Wednesday, July 21, 2010

Alors, Monica Carter! Writers On Fire In France participant wins 2010 PEN Emerging Voices Fellowship - Final reading of all 2010 fellows at the Hammer tonite!

 Chateau St. Philippe

When Monica came to the inaugural Writers On Fire In France retreat in August 2006, she blew us all away with her charm, raw talent and razor-sharp wit. She was still feeling her way into writing, still seeking her own voice and style. Four years later, Monica is one of a handful of 2010 PEN Emerging Voices fellows. She has also recently been named a 2010 Lambda Literary Fellow. I couldn't be prouder.

Monica is living proof that tenacity, focus and discipline coupled with talent can pay off. In all my years of teaching, I have seen countless gifted writers disappear. Just vanish. It always pains me. Often the most talented seem somehow unable to find the discipline, or the moxie, to make good on their creative promise. When talent and drive combine, it is truly cause for celebration. I also hope Monica demonstrates to you what can be achieved in a relatively short number of years [yes, four years is short in writing terms!] if you're focused and dedicated and willing to learn.

While Monica zoomed around the groovy Silverlake area getting ready for her event tomorrow night, and I hewed close to magical Topanga canyon, we engaged in a casual cyber-interview. I texted her a flurry of questions and Monica chose the ones which sparked her. The following is our exchange.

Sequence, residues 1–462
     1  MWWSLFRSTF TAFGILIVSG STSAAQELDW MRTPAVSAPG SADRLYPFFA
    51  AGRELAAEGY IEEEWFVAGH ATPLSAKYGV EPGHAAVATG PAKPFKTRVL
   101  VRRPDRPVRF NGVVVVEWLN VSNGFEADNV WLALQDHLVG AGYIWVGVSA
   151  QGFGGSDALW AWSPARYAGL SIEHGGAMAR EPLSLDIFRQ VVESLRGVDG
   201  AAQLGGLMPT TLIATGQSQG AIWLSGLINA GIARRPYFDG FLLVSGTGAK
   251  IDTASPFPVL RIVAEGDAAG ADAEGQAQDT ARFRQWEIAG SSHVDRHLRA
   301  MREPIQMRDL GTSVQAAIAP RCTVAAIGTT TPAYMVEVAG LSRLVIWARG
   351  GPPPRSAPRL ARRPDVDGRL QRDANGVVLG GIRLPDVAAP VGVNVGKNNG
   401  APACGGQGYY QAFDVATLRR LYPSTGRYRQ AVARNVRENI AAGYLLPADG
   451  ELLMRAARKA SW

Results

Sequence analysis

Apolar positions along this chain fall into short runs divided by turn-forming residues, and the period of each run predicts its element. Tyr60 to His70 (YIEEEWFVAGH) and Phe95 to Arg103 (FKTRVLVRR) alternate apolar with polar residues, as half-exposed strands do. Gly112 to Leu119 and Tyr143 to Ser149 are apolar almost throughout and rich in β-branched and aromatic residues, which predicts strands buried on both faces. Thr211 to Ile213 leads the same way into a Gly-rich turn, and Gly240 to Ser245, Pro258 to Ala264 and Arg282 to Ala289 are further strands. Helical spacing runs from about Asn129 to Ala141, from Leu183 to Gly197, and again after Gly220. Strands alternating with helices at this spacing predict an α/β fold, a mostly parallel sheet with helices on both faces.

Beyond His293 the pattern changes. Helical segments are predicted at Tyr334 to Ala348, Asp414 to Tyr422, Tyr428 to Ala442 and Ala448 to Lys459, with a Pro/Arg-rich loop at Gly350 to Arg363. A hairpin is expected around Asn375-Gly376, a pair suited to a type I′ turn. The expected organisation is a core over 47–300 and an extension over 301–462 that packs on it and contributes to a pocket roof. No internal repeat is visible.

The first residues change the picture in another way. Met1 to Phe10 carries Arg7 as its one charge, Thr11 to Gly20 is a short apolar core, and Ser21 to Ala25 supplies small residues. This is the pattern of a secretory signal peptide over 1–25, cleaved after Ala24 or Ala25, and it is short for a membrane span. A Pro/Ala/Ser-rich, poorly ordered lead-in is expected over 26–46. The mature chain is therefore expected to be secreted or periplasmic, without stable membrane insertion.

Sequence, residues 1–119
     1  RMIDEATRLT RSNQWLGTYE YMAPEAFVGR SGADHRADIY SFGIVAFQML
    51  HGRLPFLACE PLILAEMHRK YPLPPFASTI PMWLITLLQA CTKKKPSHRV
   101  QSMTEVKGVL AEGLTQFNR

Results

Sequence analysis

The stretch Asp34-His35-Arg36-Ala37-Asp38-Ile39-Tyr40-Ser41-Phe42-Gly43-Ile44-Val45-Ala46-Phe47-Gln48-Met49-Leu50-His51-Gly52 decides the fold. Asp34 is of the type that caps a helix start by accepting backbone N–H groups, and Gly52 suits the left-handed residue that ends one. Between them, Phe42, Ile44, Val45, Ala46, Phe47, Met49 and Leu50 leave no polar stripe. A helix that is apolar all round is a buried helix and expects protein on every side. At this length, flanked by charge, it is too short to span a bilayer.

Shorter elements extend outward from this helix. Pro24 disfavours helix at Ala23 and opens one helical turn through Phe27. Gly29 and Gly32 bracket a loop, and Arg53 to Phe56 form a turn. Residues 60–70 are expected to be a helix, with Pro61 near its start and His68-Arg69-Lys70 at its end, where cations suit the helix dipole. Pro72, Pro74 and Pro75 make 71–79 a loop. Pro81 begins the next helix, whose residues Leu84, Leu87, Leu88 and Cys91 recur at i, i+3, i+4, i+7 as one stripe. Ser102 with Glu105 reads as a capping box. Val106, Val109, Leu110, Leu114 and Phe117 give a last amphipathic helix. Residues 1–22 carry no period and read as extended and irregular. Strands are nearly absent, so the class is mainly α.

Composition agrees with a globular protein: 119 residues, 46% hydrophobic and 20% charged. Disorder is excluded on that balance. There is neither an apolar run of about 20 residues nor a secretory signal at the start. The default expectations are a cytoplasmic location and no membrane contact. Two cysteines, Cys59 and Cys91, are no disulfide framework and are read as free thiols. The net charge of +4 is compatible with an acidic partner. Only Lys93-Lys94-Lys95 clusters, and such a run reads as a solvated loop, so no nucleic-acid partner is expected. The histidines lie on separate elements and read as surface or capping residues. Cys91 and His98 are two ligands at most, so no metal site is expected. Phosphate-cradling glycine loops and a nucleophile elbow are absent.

Enjoy! Let Monica's success encourage and inspire you. I hope you will come to the reading tonight at the Hammer! (For more info on reading and PEN Emerging Voices fellows, scroll to bottom of post).

Monica's prized 1934 Corona typewriter

RR:  Can writing be taught?
MC:  Hmmm.  Like comedy, I don't think writing can be taught.  I think you can hone what's there, but you can't give someone that innate ability to create. I can be taught to function in a world of numbers, but it doesn't come to me naturally and thus, I am not an accountant.  The same applies for the arts. We have natural proclivities and hopefully those are reflected in our choices in life.  My writing has been positively affected by others, but I was not taught how to write.  I was taught how to make what I have stronger, more effective.  If it could be taught, then everyone who graduated form an MFA program would be successful and that is clearly not the case.  I think in teaching, you can inspire, harness and refine.